Some extravagant soul was spending a lot of time consuming beverages out of doors and discarding the highly valuable containers into local ditches and swales to make this possible, that seems clear.
I do know that at least one California comedy duo bought most of their life-saving baloney by scavenging for bottles in empty lots, during the hardscrabble years prior to hitting the big time on the big screen. Thank the Lord for Orange Crush!

Adam Gallon
July 12, 2015 1:16 am
paper, not worth recycling in the UK. (I remember my school, in the 1970s, having paper recycling. The Health & Safety culture put a stop to that, a big stack of flammables under the main stairs in one of the school’s blocks.
The recycling in the UK, is driven by EU rules. Many EU countries don’t have large holes they can fill with rubbish, so to encourage recycling, there’s a landfill tax.

July 12, 2015 4:37 am

When I was a kid we lived on a Southern Cal beach, I was a bit young but my older brother would pick up all the left over bottles on the beach as the day’s crowds left and we would haul them in a wagon down to the local grocers for refunds. Good money for a 7 year old.

Bruce Cobb
July 12, 2015 5:48 am

Where I live we have a transfer station, where trash separation is mandatory. For unsorted trash there is a per-pound fee of 7 cents, as well as fees for certain items like tires, furniture, equipment, and a 7 cents per pound fee on demolition. The recycling keeps costs down due to lower tipping fees, as well as whatever income from the actual recycled materials. Of course, people have the option of paying to have their trash picked up, or paying for that service thru somewhat higher apartment rent.
We sort our trash, not because it is “good for the planet” but because it saves us money, albeit with a little extra work on our part. We make sure our trash is clean, minimizing our trips to the center. We have a bump-out on our kitchen, built about 20 years ago when we had some renovation work done. This has containers for cans (metal and aluminum), glass, and plastic, and when full those are emptied into barrels we keep in the basement. Paper is in a separate container, which also gets emptied into a barrel downstairs. Kitchen scraps go in compost, down back. Everything that is flattenable gets flattened, to cut down on bulk. We take a load to the center, which is actually only about 2 miles away something like every 2-3 months. It’s a bit of a pain, but we have it pretty much down to a science.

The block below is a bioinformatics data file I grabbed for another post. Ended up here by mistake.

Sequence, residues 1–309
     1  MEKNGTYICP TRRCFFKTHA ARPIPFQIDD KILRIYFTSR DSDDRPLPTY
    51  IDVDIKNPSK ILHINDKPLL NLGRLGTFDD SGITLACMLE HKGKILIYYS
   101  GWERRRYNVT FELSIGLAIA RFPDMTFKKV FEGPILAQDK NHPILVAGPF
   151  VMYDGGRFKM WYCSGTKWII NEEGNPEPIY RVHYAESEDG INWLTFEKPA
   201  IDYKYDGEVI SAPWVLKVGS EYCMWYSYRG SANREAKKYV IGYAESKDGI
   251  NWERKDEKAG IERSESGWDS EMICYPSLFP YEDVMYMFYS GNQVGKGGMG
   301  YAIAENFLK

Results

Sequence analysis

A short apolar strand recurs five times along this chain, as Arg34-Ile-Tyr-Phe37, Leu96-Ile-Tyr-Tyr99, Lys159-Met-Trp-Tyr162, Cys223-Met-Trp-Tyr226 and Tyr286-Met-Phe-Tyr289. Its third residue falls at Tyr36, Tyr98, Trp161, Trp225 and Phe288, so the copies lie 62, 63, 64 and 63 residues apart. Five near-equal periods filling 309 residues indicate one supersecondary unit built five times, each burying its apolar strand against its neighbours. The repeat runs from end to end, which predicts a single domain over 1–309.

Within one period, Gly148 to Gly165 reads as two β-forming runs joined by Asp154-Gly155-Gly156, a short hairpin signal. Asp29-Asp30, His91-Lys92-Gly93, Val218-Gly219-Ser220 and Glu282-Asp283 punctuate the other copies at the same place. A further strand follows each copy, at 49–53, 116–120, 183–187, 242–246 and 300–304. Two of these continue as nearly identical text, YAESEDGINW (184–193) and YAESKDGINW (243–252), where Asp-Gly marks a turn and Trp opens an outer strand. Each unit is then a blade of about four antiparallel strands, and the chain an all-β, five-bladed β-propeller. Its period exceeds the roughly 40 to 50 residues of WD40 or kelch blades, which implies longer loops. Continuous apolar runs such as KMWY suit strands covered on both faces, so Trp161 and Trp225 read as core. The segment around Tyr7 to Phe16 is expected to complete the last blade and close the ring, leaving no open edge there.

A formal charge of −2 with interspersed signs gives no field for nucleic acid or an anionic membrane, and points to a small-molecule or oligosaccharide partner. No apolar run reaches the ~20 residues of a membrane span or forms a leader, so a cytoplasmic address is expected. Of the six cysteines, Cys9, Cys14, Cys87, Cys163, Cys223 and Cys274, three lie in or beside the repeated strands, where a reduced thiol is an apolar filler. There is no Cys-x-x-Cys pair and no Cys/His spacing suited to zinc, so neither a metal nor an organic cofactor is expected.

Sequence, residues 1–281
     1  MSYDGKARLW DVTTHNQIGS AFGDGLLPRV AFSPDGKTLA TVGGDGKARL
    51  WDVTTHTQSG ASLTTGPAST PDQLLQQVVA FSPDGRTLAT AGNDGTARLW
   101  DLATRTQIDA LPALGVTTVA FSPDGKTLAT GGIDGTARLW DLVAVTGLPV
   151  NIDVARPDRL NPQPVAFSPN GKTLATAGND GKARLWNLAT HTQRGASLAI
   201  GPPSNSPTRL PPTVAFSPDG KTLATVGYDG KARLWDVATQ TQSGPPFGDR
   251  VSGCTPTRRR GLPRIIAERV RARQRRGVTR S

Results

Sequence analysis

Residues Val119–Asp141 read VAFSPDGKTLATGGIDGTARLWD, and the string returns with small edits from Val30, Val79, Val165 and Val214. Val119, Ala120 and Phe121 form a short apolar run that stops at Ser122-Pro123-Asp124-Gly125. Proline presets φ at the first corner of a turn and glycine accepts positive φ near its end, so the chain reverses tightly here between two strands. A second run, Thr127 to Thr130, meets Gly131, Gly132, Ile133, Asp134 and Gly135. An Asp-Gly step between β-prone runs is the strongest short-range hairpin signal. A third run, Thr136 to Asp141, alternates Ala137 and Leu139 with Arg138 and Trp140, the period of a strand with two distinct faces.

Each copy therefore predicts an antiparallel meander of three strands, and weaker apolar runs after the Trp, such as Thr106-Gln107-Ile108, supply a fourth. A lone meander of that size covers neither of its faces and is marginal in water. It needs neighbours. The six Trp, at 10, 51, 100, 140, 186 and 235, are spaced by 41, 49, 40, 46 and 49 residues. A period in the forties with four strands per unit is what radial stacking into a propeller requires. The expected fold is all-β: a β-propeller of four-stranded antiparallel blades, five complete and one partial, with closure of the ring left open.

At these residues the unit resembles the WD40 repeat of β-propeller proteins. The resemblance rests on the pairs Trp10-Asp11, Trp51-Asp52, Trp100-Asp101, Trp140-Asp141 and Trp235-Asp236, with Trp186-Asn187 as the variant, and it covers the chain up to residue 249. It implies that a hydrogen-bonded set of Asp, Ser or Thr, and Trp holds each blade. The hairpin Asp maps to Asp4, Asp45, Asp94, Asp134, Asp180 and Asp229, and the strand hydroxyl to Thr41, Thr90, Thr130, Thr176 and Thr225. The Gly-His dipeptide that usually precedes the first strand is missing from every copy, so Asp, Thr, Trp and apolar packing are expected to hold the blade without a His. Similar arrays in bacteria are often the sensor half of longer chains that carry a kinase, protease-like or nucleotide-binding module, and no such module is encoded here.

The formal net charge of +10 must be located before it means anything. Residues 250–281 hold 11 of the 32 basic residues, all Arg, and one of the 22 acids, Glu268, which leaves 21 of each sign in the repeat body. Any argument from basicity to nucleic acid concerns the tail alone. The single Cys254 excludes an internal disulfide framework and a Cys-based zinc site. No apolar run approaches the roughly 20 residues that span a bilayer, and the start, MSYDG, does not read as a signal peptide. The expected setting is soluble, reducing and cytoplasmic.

July 12, 2015 5:53 am

Im not sute what recyling does besides making throwing out the trash more annoying and giving people who get pinched a place to fill their community service hours. I haven’t done much research on the impact. I basically recycle everything to impress women my age if they happen to go through my trash.

July 12, 2015 6:06 am

“However, this case serves as a reminder, that green subsidies attract criminals like maggots to rotten meat. ”
Please be very,very careful calling the CRV a “subsidy.
Very similar the the falsehood that liberals claim about “subsidies” to big oil.

Mark Fraser
July 12, 2015 6:13 am

While there’s a lot to be said for recycling, I have this dark-minded suspicion that kitchen waste policy is dictated by the desire of WMI (for example) and other operators to move their rat infestations problems from their sites to homes and local collection sites.